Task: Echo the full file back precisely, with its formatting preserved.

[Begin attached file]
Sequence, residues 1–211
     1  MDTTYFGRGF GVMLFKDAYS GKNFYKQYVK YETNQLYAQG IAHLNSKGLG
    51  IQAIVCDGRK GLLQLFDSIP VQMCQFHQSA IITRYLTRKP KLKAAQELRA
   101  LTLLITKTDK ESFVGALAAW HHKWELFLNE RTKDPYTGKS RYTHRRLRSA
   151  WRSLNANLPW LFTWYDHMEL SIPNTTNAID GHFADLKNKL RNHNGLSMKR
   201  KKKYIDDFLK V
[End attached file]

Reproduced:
Sequence, residues 1–211
     1  MDTTYFGRGF GVMLFKDAYS GKNFYKQYVK YETNQLYAQG IAHLNSKGLG
    51  IQAIVCDGRK GLLQLFDSIP VQMCQFHQSA IITRYLTRKP KLKAAQELRA
   101  LTLLITKTDK ESFVGALAAW HHKWELFLNE RTKDPYTGKS RYTHRRLRSA
   151  WRSLNANLPW LFTWYDHMEL SIPNTTNAID GHFADLKNKL RNHNGLSMKR
   201  KKKYIDDFLK V